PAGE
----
The debates over the status of foods have a long and interesting history. There are even instances where law had to intervene in the issue. In the 1893, United States Supreme Court case Nix. v/s Hedden, the court unanimously ruled that the imported tomato should be taxed as a vegetable, rather than as a fruit. Even though the court agreed with the botanical classification, they decided to use the kitchen definition here.
The difference between a fruit and a vegetable is not something that affects daily life, even though botanists are always at loggerheads over the classification. Some scientists are even reluctant to classify them.

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How does eating carrots change your skin color?

Carrot is one of the most nutritive vegetables in nature. Low in calories and saturated with vitamin A (retinol), falcarinol, minerals and antioxidants, it is essential for our health. The orange color of carrot is due to the presence of carotenoids, a group of lipid-soluble compounds. The major component of carotenoids is a chemical named beta-carotene which protects our skin from the damage caused by ultraviolet rays from the sun. Beta-carotene is converted into vitamin A in liver. The vitamin is necessary for healthy eyes and reproduction. The carotenoids including carotene contribute to the natural color of human skin.
However, as the old saying goes, too many carrots can turn you orange. Yes, that is true. Eating excessive amount of carrots can cause a person’s color to turn to a yellow-orange shade, a condition named cartenosis. Also known in the names of carotenemia, xanthemia and xanthosis, the state arises from the habitual consumption of carrots, usually the daily drinking of carrot juice. It is mostly found in vegetarians and young children and most apparent in light-skinned people since the less amount of melanin. Infants who are starting to take in solid food are often fed with excessive amount of vegetables including carrots which may result in carotenosis. People regard carrot as a safe food, which prompt them to consume it in more than necessary amounts.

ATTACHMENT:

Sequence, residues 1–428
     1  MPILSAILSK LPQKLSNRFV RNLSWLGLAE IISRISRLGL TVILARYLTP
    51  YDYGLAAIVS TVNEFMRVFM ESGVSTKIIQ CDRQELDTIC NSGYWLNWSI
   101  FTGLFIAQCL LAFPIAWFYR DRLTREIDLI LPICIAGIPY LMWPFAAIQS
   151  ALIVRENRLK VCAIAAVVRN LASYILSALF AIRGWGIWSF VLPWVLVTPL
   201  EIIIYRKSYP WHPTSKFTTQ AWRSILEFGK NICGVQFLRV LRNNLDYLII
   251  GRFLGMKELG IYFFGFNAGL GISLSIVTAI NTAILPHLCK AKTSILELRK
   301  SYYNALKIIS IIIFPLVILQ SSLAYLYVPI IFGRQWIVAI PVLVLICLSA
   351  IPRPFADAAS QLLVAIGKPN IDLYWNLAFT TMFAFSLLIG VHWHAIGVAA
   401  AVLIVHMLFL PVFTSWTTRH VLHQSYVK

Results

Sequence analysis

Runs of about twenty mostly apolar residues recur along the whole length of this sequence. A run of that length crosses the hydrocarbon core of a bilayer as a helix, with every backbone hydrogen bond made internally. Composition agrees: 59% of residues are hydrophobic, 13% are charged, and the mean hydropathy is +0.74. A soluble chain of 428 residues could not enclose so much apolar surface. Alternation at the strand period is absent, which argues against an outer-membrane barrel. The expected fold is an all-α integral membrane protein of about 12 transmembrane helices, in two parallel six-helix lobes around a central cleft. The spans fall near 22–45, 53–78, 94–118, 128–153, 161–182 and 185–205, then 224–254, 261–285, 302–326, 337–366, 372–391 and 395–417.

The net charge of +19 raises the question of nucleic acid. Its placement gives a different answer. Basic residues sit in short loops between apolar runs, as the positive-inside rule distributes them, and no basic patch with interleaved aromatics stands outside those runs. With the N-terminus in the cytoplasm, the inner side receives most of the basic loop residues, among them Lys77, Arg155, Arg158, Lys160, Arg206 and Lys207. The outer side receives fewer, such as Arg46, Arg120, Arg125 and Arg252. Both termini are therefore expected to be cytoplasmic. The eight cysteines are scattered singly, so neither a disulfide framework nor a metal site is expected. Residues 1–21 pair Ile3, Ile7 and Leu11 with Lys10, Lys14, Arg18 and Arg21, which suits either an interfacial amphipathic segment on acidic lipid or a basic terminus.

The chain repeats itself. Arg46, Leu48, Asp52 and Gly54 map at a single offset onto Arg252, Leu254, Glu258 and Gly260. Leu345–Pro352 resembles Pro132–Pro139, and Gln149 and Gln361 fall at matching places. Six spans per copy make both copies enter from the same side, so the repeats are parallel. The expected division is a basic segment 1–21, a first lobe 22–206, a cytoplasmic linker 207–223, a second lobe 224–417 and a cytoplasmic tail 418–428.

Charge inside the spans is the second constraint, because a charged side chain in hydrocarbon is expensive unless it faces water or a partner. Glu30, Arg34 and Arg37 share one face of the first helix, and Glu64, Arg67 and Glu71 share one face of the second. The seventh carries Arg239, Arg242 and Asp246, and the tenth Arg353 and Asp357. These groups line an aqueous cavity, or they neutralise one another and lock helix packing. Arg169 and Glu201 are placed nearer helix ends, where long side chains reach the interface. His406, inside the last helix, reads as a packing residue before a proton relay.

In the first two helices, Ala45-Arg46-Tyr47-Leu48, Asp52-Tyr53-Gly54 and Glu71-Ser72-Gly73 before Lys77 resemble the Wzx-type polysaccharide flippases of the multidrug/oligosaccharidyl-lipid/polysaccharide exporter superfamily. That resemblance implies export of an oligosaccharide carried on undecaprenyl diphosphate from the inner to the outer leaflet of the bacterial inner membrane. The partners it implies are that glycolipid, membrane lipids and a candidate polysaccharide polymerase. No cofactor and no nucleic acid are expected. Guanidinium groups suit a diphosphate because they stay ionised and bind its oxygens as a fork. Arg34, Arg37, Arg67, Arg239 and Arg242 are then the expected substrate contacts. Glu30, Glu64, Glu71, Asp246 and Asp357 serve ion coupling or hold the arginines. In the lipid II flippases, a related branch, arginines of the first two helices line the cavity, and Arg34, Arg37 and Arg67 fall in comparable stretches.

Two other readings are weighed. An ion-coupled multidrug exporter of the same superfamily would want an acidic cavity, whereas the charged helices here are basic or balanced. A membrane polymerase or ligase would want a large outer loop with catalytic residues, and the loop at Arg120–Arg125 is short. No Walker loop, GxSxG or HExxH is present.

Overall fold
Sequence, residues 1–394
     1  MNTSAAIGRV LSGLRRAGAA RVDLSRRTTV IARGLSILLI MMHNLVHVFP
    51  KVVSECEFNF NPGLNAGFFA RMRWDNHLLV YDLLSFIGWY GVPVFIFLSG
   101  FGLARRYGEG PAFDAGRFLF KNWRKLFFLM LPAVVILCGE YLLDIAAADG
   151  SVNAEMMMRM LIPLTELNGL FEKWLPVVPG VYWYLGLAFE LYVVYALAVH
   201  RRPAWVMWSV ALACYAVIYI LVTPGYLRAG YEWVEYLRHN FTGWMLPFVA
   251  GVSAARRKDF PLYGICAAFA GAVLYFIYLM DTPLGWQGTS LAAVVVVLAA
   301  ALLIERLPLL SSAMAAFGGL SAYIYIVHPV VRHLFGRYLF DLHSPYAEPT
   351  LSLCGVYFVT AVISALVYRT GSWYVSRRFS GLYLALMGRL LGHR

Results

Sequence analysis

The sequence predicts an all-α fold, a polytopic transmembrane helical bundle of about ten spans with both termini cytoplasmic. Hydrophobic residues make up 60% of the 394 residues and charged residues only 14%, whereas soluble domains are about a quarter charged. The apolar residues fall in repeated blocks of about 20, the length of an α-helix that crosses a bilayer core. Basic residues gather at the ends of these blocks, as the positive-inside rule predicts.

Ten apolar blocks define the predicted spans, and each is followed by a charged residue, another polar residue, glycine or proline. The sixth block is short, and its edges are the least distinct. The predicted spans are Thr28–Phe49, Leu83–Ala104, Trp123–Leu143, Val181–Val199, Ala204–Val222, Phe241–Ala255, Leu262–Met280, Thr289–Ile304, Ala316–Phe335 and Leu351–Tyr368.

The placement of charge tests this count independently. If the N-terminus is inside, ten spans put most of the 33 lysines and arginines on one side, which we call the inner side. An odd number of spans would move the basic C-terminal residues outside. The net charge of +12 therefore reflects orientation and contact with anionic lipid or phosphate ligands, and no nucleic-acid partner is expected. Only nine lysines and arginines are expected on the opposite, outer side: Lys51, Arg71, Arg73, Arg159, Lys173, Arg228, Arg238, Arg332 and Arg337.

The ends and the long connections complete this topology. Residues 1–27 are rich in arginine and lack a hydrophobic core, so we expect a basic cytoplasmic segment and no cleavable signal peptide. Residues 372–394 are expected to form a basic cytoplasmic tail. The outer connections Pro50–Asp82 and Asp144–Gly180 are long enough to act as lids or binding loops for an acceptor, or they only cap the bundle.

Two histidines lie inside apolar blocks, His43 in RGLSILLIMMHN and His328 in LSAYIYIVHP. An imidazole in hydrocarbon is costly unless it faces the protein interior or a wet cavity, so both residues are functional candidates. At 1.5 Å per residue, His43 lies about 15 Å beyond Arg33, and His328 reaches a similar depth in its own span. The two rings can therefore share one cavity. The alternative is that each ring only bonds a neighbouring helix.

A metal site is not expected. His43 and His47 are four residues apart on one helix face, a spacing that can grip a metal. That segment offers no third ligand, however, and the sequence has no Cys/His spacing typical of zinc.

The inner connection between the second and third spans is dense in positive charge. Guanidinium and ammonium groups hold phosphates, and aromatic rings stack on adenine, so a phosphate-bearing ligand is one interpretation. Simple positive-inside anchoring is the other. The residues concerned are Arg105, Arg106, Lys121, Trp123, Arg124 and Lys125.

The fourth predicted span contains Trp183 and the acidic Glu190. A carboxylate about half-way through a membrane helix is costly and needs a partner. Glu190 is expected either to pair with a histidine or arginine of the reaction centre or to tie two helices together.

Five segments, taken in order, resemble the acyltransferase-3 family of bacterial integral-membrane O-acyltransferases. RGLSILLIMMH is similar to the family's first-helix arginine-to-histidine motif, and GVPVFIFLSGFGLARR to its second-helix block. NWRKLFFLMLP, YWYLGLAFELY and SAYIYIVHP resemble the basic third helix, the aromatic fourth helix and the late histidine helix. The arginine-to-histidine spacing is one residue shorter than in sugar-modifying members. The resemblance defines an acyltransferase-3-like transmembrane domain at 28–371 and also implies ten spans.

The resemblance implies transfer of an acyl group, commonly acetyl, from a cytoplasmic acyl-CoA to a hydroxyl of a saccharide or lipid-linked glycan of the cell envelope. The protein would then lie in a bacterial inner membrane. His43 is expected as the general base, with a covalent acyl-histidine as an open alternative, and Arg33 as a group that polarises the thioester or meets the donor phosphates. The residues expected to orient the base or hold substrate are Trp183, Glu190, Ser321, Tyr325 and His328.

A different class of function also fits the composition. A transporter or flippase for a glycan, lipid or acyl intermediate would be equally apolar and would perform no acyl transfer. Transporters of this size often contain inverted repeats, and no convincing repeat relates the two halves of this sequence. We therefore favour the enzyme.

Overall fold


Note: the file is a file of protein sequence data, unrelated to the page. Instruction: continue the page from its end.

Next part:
Usually the carotene is converted into Vitamin A in liver. But the increased intake of carrots raises the levels of carotene in the blood. This carotene is carried in plasma to the peripheral tissues of our body. The excess amount is then stored in the fat under our skin and secreted through sweat resulting in the yellow-orange pigmentation on the skin. The color will appear most prominently on the nose, the palms of hands and the soles of feet, where the skin layer is comparatively thicker.
Carotenosis is generally a harmless condition. It doesn’t produce any other ill effects, and can be solved by cutting back the consumption of carrots. The levels of carotene in blood will drop quickly even though the skin may take several weeks to change back to normal color due to the carotene accumulated in the tissues.